Segment 2. "A Ride in the Park" - Co-directed by the criminally-underrated Eduardo Sánchez (yes, him. Co-director of found-footage great-grandaddy The Blair Witch Project; also did the absolutely fantastic Altered, plus Seventh Moon and Lovely Molly) and his long-time producer buddy Gregg Hale, and co-written by Sánchez and his long-time writing partner Jamie Nash, this one came with heavy expectations and it didn't disappoint at all. A cracking flat-out zombie fest filmed almost entirely from the perspective of a cyclist's helmet-mounted Go-Pro camera. Our - hero? - Mike takes his bike out for a lovely early-morning spin through the park and is immediately attacked and bitten by a zombie, one of several ambling through these woods. He escapes, runs away, staggers, falters, drops to the floor and dies. Then he gets up. From there on in it's a zombie's-eye view of the carnage and gore, finishing with a flourish on a surprisingly touching note. For zombies, like. Excellent short story. Probably the best segment not only of this movie so far (it's certainly that) but of the V/H/S franchise so far.
Segment 3. "Safe Haven" - Another strong directorial collaboration here, this time between Gareth Huw Evans (The Raid) and Timo Tjahjanto (The ABCs of Death segment "L is for Libido"). Taking up 30 minutes of V/H/S/2's entire runtime (and worth every second), Safe haven concerns a documentary news crew who - using both conventional professional cameras and mics plus hidden "button"-cams - go to film the shenanigans at a remote Indonesian compound, in which is housed a "Heaven's Gate"-style Doomsday cult comprised of their enigmatic leader - The Father - his "family" of wives/lovers and (many) children plus other assorted cult members. It is implied that "The Father" is promoting and engaging in underage sex with some of the members, and it's this angle the news crew most want to pursue. They end up however with something very different.
Managing to look and feel like an exquisite blend of the co-directors' other works The Raid and "L is for Libido" with a good dollop of Doom 3 or some other survival horror game thrown in for good measure, this short represents the best thing that either V/H/S movie has offered us thus far. It's creepy, then it's tense, then it's frantic and as gory as gore gets (all justifiably and within the context of a good tale well told, I might add). If there's a teeny-tiny criticism it could be that a practical visual effect at the very very end of the short (you'll know it when you see it) doesn't quite work and against the otherwise staggering look of all that preceded it, it's quite jarring. However, I'm nitpicking. "Safe Haven" is a superior piece and with a few dollars thrown at it could make an excellent and terrifying expanded movie in its own right.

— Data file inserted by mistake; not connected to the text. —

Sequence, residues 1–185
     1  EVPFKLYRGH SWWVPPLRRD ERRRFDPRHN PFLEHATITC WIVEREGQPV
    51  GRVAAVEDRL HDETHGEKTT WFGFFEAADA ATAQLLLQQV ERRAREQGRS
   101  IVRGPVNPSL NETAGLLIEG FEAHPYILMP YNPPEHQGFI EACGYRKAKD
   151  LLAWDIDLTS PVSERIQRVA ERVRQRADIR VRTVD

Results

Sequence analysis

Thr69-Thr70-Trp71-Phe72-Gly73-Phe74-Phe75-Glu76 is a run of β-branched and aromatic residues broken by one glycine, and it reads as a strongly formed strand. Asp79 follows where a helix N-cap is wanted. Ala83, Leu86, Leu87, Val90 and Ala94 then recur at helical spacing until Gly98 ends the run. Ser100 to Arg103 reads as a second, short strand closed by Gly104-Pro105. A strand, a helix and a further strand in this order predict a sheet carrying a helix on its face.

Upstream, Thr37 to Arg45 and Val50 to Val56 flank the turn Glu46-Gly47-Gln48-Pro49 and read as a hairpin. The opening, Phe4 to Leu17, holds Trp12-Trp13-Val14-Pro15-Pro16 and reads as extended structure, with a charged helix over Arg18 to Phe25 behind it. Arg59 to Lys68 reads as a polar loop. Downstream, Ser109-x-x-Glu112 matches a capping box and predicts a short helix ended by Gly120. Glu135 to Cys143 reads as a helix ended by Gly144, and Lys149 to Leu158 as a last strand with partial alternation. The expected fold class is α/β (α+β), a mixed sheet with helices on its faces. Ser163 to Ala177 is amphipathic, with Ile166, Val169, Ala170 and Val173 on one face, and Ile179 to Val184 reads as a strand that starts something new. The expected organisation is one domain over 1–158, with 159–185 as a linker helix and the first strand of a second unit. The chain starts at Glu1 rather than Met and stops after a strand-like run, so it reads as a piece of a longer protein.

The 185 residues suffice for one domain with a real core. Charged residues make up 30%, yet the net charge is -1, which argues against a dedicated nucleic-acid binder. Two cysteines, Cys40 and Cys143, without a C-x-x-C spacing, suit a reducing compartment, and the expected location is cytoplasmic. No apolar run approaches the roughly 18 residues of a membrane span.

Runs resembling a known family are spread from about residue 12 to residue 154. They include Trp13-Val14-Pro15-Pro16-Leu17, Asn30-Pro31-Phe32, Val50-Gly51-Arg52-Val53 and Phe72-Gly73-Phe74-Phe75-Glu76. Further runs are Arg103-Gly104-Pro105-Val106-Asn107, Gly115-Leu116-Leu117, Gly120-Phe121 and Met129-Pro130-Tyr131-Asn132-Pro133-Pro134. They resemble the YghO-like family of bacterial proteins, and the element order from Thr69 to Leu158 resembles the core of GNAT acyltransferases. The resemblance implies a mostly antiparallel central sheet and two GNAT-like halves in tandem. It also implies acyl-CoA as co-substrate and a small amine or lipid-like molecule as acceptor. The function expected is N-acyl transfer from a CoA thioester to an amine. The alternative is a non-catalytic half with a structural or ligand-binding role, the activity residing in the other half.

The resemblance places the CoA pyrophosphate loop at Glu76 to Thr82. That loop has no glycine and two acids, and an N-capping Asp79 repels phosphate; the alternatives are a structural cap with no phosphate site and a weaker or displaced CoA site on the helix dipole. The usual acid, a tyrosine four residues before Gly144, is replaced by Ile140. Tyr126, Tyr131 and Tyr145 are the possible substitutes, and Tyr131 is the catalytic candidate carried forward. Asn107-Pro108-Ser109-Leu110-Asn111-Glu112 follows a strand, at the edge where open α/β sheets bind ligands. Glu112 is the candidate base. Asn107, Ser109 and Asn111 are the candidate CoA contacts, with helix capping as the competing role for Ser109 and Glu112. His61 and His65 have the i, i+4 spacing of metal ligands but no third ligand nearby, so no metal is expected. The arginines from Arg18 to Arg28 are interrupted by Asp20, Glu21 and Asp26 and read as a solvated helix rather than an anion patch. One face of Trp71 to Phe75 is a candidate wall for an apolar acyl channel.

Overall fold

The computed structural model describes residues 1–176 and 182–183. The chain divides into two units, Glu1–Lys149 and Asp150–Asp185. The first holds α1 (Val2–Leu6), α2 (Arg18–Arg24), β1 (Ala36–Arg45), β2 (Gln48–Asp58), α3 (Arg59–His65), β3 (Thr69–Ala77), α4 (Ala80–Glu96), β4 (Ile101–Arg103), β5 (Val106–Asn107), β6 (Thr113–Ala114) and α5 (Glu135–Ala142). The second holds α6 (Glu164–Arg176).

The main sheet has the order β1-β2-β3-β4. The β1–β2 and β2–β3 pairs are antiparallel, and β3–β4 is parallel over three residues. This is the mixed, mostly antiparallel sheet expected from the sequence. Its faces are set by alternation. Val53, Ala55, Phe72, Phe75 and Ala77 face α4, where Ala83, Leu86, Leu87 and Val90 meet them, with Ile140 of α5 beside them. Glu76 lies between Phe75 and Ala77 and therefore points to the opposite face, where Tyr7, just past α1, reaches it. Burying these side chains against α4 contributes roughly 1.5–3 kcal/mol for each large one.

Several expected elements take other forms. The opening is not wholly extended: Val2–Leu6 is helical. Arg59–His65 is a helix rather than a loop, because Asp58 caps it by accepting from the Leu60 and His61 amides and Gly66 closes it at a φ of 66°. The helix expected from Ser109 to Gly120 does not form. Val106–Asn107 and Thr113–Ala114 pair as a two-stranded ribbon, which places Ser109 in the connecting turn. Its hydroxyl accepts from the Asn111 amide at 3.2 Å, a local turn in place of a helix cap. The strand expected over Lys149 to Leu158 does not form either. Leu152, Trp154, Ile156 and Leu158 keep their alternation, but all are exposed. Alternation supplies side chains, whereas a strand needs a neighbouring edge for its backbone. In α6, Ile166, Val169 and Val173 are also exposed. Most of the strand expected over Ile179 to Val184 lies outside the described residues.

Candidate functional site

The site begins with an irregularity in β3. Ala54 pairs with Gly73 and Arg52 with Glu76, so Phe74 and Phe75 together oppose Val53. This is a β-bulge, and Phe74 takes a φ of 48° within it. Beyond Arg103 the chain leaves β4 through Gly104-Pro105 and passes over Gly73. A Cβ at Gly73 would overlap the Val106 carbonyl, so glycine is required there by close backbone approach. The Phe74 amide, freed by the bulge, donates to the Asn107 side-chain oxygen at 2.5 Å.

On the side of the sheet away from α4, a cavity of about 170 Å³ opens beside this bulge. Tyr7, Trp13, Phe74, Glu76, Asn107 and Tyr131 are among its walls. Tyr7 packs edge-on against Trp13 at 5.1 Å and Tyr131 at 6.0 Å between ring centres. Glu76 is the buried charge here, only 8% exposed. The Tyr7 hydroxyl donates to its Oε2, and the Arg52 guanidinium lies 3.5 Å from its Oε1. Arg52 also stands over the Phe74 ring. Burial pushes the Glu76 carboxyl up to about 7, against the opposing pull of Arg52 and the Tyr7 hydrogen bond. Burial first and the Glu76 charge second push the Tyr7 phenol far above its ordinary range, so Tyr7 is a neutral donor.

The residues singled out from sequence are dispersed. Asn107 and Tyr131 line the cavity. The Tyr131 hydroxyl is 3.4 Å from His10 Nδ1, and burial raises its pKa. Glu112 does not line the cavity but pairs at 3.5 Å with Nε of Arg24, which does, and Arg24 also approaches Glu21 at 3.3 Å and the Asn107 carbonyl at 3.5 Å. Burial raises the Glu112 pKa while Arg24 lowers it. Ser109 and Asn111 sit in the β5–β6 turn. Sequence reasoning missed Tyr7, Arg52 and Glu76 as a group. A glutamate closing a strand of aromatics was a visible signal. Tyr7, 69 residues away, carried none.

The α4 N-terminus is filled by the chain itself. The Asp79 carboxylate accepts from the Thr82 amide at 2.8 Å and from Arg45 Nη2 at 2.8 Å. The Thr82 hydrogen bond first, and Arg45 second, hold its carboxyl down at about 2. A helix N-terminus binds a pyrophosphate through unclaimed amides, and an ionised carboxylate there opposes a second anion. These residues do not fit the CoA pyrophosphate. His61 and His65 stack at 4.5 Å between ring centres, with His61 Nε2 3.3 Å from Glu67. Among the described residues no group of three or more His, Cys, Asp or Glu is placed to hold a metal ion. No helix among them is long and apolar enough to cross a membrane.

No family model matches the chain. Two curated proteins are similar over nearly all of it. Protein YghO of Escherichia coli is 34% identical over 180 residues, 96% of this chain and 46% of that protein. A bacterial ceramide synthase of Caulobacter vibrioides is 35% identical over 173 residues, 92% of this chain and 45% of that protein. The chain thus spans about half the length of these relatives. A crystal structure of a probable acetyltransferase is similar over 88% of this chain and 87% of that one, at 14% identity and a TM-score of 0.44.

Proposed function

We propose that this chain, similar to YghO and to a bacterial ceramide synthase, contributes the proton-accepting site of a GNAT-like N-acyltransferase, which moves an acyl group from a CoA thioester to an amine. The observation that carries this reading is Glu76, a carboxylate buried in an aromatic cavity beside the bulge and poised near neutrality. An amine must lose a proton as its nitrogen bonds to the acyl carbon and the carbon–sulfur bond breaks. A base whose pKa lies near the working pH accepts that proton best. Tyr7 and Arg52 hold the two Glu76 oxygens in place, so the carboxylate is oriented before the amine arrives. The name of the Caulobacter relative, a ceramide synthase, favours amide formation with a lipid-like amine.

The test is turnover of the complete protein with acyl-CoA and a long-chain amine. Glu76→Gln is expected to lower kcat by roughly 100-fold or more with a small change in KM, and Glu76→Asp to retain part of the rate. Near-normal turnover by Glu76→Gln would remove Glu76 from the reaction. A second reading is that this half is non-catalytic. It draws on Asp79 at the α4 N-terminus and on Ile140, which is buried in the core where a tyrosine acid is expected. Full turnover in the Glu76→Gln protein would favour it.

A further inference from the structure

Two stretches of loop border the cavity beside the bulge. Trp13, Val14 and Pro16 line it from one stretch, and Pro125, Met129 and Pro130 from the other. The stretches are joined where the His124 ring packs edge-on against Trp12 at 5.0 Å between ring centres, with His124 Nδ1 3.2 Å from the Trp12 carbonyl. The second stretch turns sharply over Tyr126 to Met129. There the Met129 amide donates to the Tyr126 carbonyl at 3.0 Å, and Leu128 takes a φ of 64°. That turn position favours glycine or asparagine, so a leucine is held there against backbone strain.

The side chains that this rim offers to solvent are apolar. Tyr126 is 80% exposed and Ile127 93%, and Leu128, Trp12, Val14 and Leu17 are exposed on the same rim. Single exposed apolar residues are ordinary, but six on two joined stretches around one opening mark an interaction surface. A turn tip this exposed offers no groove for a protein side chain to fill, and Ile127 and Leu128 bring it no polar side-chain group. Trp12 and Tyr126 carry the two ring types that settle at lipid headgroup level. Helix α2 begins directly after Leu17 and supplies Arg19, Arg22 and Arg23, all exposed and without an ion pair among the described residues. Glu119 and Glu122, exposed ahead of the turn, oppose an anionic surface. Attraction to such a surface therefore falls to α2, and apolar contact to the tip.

Segment 4. "Slumber Party Alien Abduction" - directed by Jason Eisener (Hobo With a Shotgun, The ABCs of Death segment "Y is for Youngbuck"). Eisener seems to be a bit of a "love him or loathe him" director. I WANT to like him but I find his output as frustrating as it is novel, and this is no exception. Essentially, a bunch of kids of varying ages have free reign over their lakeside house, and fill their time with happy, video-based tomfoolery including strapping a camera to their dog to see what he films, blasting one another with urine-filled water guns and busting in on one anothers' "intimate" time, be that one of the girls with her boyfriend or one of the doofus young teenagers with his hand, a porno and some time to kill. So far, so goofy. Until a violent attack by a band of hostile classic "Grey" aliens kicks off. It's a good idea and the story itself is fine, but this is the one short in the pack that continues to suffer badly from the first movie's shaky-cam syndrome. Once the action starts, you'll struggle to see what's happening. Good stuff, but frustrating. And coming as it does after two truly excellent segments, just a trifle deflating.
So, segments 1 and 4 are of a standard comparable to the first movie, the wraparound piece is an improvement, but the middle two shorts are worth the ticket money on their own and elevate V/H/S/2 above its older sibling and above much of today's horror fare in general. Well recommended.